It stood about two miles south of downtown Fredericksburg, on the banks of the Rappahannock River.  Mannsfield is today most famous as the site where Union general George Dashiel Bayard was killed at the battle of Fredericksburg–he was mortally wounded in he front yard and died just four days before what was to have been his wedding day. But, in fact, Mannsfield was probably the most impressive antebellum plantation in the Fredericksburg region, and one of the oldest, too. It was built in 1765-1766 for Mann Page III,* and it was close to being a literal copy of Richmond County’s Mount Airy, where Page’s mother grew up a Tayloe (the only major difference I can see is the design of the riverside entryway–otherwise the places seem to have been identical; Mount Airy still stands). Page was the Fredericksburg region’s first congressman, selected to the Continental Congress in 1777, at age 28. He died in 1803 and is buried in the nearby family cemetery–the only surviving feature of the Mannsfield complex.

Stuart Barnetts romantic vision of the west (front) facade of Mannsfield, showing the main house and wings.

The house was anything but understated, built of sandstone blocks with two advanced, detached wings linked to the main house by a circular covered walkway. In the main house was nearly 7,000 square feet of living space, plus an elaborate basement. By the time of the Civil War (when Arthur Bernard owned it), thirty outbuildings sprawled across Mannsfield’s 1,800 acres (one of the biggest plantations around), including a stable, corn house, machine house, three barns,  dairy, garden office, pump house, meat house, three poultry houses, ice house, a private owner’s stable, carriage house, overseer’s house, blacksmith shop, tobacco house, and six slave cabins (the site of some of these cabins, which in 1860 housed some of Bernard’s 77 slaves, is in the park off Lee Drive). Mannsfield’s prominence guaranteed it got attention in both peace and war. Washington reputedly visited here; so too did Union luminaries in 1862. For long stretches of 1862 and 1863, the house was in Confederate hands. Indeed, it was by the hands of Confederate pickets that the big house burned, accidentally, in early April 1863.

The standing ruins, looking at the west facade--looking southeast likely in the 1870s. The north wing is at left, the ruins of the big house faintly visible at center, and he remnants of the south wing at right.

The ruins of the main house and the decaying remnants of the wings stood for six decades, until the early 1920s when artist Gari Melchers of Belmont acquired the accessible stone from the then landowner, R.A. James. According to local news reports, Melchers used stone from Mannsfield to build his new studio on the grounds of Belmont. Some of it also ended up in local buildings, like this one on Virginia Ave–near upper Princess Anne Street.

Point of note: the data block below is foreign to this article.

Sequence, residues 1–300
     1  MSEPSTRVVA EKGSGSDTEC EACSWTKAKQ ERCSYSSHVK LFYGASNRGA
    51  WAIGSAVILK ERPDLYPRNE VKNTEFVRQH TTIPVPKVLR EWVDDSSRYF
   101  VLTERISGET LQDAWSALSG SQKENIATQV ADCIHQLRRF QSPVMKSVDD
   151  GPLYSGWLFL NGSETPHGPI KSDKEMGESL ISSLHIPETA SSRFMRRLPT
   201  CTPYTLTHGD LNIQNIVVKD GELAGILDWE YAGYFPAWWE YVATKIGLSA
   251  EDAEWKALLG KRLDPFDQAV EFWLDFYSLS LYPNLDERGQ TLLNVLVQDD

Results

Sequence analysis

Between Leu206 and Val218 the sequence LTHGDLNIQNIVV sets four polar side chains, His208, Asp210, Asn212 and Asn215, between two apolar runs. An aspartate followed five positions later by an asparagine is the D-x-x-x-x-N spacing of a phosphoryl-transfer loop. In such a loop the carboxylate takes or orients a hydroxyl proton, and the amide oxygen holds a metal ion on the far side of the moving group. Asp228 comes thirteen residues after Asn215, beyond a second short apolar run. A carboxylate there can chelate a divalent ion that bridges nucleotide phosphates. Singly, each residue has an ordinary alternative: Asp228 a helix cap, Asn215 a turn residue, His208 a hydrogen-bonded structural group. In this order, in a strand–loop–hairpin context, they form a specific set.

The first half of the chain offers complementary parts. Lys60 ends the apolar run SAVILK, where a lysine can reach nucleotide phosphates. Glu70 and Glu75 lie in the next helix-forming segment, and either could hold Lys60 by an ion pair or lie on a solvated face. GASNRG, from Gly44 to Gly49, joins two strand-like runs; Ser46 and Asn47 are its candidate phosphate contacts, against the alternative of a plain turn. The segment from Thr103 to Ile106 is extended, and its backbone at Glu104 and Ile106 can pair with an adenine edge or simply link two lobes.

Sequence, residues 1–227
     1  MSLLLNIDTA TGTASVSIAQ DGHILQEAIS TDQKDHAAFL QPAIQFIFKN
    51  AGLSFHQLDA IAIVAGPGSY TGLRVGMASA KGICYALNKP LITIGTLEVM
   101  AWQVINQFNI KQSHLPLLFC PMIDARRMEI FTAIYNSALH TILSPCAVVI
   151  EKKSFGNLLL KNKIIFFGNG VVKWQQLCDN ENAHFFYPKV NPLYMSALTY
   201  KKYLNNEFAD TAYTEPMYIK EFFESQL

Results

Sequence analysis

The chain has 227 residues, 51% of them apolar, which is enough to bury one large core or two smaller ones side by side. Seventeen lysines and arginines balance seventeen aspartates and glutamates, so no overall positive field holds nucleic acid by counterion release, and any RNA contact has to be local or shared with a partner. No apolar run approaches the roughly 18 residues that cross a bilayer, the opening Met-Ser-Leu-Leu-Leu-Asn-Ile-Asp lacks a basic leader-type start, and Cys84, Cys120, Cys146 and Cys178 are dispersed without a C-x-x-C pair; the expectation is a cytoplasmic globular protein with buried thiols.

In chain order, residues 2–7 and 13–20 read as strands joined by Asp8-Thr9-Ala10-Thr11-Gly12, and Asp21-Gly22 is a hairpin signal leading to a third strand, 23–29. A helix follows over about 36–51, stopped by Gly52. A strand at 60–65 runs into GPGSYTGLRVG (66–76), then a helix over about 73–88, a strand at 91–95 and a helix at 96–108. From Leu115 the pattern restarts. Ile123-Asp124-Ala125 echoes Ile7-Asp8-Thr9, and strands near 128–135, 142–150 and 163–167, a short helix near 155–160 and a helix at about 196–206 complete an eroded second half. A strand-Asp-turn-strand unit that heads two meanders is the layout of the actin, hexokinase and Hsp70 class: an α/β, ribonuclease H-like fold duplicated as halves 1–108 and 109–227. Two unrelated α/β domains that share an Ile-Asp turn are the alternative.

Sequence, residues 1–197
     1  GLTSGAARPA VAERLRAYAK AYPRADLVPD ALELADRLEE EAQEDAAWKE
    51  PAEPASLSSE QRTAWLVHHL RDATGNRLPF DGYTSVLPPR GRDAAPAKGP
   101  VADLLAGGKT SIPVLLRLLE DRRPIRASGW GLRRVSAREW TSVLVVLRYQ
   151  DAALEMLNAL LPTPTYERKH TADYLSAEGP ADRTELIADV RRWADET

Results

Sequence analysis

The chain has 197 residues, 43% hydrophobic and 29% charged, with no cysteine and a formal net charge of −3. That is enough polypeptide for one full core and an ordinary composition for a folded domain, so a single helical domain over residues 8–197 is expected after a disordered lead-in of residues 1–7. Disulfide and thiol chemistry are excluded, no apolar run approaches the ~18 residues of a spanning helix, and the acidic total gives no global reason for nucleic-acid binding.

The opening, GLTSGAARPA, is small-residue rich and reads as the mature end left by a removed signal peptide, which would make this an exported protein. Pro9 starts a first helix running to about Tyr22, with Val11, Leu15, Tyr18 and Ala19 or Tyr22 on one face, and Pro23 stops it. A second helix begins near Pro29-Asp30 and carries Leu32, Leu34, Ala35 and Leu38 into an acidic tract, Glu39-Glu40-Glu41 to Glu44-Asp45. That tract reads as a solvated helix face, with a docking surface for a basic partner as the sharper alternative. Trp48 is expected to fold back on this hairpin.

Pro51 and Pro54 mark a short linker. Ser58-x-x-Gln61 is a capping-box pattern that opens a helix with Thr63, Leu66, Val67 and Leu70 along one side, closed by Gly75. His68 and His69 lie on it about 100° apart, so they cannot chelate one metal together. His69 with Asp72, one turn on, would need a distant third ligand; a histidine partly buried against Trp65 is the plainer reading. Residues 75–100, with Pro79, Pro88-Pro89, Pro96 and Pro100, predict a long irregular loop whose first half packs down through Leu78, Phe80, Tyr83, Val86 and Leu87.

A decade later, the National Park Service undertook a well-photographed investigation of Mannsfield. Continue reading

A stunning artifact from Mannsfield…now lost


John Hennessy (for a more extensive post on the 1930s investigations at Mannsfield, click here):

An artist's conception of Mannsfield in the 18th Century

Of all of the Fredericksburg region’s historic homes, likely none exceeded Mannsfield for beauty, complexity, and elegance. Built about 1770 at the behest of Mann Page, it was of cut sandstone, with by some accounts marble floors–a large home with forward-sitting flanking dependencies.  It stood about a mile downstream from Fredericksburg on the banks of the Rappahannock.  The site of Mannsfield was destroyed by gravel and sand mining after 1934, but before it disappeared the National Park Service conducted one of the most extensive archeological excavations in this region’s history. We’ll have a good deal more to say about that in a post I’m now putting together, but in the meantime I wanted to share this rather stunning image I found as I rooted through materials related to the Mannsfield dig.

This appears to be the gravestone  of one of Mann Page’s slave, simply and crudely carved but much of it clearly read:

Mary  the daughter of   William the gardener     and Eanness (?)

Departed this life…1784 (?)

I have seen few artifacts as powerful and evocative as this, clearly done by someone with no expertise in stonecarving but possessed of a determination to memorialize a death nonetheless.

The Mannsfield dig produced thousands of artifacts, some of them, like this, spectacular–all of them once in the hands of the National Park Service. But where are they now?  What  happened to this headstone?  Where exactly was it found? Does it survive–and can we get it back to Fredericksburg as one of the great slave artifacts ever uncovered in this community?

I’m not optimistic we can discover the fate or, better, location of the collection, but we’ll work on it and keep you informed of our quest to solve this little mystery (and if you’d like to help, let us know).

In the meantime, have any of you ever seen anything like this headstone?